Since 2020, CIRCA has stopped the daily cycle of advertisements on Piccadilly Lights more than one thousand times to mobilise the world’s greatest creative minds to broadcast unique works of art that consider our world circa now. Across the world – in New York, Tokyo, Seoul, Milan, Berlin, Los Angeles, Lagos, and elsewhere – these messages have sought to break the cycle thousands of times more.

Breaking free from our own curated cycle – commissioning a different artist each month – this year we slow the clock to make room within our programme for moments of liberation, elevated consciousness, and a more meaningful dialogue with global events. As our daily screening time moves forward by another minute to 20:24, we unveil a new, quarterly sequence of solar seasons that mark a new phase in our evolution. Entrusting each season to a single messenger: four pathbreaking artists charged with the responsibility to inspire new concepts of freedom.

Over the course of several journeys around the sun, CIRCA is now far from where it departed. We have transitioned through hope, war, peace, heroism, utopia, home, strange weather, and new dawns, yet we are still here. From one screen in Piccadilly Circus, we have grown into a global gallery without walls. With this reach, we have forged new connections, embraced new audiences, championed emerging artists, and – through the #CIRCAECONOMY – raised nearly £1 million to support creatives, free expression, and lives under threat worldwide.

As a platform for new ideas, we move forever forward: from standing at a crossroads [2020] to shining a light amid crisis [2021], building new worlds [2022], and reading what is not yet written [2023]. Yet, we have found an unmoving centre – an ever-present point of orbital gravity. For we can now see clearly the paradox we inhabit: time’s arrow flies forever forward, but the cycle of days, seasons, and years repeats on and on. We exist inside this uncanny loop: forever returning, forever moving forward.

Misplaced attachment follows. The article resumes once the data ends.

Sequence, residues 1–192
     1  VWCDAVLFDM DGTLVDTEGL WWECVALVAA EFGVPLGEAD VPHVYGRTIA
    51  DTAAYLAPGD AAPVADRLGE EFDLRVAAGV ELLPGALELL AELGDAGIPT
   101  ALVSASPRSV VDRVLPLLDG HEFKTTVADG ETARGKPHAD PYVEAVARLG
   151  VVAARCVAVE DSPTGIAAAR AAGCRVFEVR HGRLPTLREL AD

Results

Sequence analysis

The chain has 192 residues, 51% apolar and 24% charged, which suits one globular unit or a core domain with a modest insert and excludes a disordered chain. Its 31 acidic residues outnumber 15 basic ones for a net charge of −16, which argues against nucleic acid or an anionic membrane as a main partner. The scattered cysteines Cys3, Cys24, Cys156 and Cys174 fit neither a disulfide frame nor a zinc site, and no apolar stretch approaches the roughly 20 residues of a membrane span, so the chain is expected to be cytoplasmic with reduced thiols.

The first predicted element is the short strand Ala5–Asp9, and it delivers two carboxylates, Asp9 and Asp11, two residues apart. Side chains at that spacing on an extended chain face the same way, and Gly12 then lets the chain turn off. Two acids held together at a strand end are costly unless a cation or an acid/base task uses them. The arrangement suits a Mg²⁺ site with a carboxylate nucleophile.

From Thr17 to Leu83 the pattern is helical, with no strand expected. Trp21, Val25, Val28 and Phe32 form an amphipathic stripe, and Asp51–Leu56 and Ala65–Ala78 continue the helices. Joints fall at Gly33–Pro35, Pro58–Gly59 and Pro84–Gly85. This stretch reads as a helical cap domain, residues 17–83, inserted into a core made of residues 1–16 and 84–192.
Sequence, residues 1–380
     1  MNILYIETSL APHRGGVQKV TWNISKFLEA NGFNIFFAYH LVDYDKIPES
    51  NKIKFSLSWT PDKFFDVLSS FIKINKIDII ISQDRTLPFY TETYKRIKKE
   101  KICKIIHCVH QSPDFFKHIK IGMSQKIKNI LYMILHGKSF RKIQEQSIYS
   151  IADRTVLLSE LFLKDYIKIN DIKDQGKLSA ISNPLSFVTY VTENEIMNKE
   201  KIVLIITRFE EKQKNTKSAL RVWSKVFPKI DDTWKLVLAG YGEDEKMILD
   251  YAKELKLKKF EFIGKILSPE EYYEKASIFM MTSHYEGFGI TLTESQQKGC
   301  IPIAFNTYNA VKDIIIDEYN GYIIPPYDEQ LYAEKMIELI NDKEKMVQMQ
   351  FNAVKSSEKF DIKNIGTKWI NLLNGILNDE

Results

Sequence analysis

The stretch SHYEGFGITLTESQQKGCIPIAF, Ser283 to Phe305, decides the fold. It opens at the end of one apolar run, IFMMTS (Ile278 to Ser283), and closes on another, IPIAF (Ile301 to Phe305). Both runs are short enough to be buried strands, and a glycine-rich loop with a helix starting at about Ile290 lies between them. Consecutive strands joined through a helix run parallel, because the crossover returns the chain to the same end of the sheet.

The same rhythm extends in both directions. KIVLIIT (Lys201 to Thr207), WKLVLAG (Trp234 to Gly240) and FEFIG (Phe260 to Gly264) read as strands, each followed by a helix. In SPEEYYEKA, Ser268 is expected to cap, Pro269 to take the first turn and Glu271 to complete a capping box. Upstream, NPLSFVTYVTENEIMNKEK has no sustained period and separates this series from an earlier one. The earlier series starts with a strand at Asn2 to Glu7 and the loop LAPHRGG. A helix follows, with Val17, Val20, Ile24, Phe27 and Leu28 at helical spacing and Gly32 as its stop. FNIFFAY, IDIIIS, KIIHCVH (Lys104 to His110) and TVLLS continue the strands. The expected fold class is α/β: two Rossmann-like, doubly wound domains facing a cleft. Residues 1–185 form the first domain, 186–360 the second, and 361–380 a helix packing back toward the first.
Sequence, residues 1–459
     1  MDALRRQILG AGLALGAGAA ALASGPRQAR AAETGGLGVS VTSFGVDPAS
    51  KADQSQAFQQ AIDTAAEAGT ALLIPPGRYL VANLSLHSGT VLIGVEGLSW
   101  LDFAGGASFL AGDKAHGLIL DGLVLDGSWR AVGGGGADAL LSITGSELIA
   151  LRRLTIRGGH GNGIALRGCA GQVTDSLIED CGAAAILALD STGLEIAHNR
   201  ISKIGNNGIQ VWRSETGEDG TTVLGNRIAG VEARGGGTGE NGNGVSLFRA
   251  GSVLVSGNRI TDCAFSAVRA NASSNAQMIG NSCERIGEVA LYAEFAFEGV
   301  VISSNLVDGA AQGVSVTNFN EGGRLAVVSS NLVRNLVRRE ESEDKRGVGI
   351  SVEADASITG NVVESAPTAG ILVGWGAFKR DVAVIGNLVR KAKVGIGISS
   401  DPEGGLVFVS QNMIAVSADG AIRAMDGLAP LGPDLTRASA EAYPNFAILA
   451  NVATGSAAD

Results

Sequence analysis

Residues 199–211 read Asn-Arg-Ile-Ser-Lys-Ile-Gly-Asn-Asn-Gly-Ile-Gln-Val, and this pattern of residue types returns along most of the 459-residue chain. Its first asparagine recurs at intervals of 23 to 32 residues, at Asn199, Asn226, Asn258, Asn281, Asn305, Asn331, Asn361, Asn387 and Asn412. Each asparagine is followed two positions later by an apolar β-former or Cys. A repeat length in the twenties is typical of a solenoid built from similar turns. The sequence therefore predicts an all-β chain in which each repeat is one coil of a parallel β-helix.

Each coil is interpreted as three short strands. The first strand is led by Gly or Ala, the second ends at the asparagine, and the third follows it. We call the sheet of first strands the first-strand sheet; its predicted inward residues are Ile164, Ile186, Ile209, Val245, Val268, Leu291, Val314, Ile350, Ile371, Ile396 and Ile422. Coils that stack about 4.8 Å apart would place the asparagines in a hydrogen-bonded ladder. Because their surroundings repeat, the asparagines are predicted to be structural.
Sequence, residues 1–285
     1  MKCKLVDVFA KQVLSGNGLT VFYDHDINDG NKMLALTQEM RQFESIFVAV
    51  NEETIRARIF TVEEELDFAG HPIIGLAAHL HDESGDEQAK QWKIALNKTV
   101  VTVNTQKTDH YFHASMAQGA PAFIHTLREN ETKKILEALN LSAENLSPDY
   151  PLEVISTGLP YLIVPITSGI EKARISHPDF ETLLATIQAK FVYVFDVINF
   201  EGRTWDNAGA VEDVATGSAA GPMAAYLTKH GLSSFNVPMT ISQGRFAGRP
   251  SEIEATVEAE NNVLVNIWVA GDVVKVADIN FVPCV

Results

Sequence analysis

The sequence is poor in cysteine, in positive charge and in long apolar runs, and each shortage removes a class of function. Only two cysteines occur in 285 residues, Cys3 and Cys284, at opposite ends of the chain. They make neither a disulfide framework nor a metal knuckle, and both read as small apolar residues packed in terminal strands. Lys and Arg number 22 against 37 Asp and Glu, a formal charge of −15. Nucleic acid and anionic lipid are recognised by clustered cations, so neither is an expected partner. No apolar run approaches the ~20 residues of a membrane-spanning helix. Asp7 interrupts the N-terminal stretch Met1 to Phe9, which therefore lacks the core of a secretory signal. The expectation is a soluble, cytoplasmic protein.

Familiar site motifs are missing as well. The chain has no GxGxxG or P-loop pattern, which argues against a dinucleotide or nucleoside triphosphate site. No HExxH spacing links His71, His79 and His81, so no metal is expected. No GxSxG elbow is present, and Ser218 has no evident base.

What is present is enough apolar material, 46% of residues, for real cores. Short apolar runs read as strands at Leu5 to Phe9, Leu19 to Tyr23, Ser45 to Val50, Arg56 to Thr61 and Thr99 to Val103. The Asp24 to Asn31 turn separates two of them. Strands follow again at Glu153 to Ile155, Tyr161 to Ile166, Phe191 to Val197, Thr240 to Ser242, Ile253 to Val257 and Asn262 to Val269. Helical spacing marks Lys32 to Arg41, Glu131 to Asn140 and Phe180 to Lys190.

For the year to come, we return to our point of departure with our questions renewed. How does art play a positive role in a world so fiercely divided? How do we live a creative life amid intensifying systems of artificial intelligence that threaten to remove humanity from artistic production? How do we integrate our minds into knowledge systems – ecological, digital, forbidden – whose workings defy us?

We have now felt the hard limits of an existence confined by rigid laws, elliptical news cycles, looping imagery, and cultural industries on repeat. But, at last, we anticipate the moment when we let go of solid ground and embrace the intimate infinity.

Like the instant when an arrow breaks from the bow or a high-diver kicks free, we find ourselves in a moment of nervous ecstasy. Yves Klein – himself the ‘messenger of an incoming age’ when art would break free of its conceptual shackles – encapsulated this moment most clearly in a mythmaking image of his own body launched in a falling arc from his second-floor ledge. As Klein knew, a leap into the future was a leap into uncertainty – and embraced the void as ‘absolute love’.

This year, we embrace the newly invented souls and freshly broken expectations that rupture the cycles of normality. Just as spring is composed of countless ritual moments and micro-seasons – the flowering of apple blossom, the unpredictable emergence of the Monarch butterfly from chrysalis, and the migration of Sámi reindeer herders to the Arctic Ocean – so, too, each season of CIRCA will allow moments of the unexpected to break free and potentially define the year’s course.

We are reminded that the elliptical movements of planets give a name to the cataclysms of history; our Earth’s revolution around its solar centre brings us both to our point of departure. To the start of a new era.

If you come back someday
You who dream also
Of this marvellous void
Of this absolute love
I know that together
Without a word to one another
We will hurl ourselves
Into the reality of this void
Which awaits our love
As I wait for you each day…
Come with me into the void!

—Yves Klein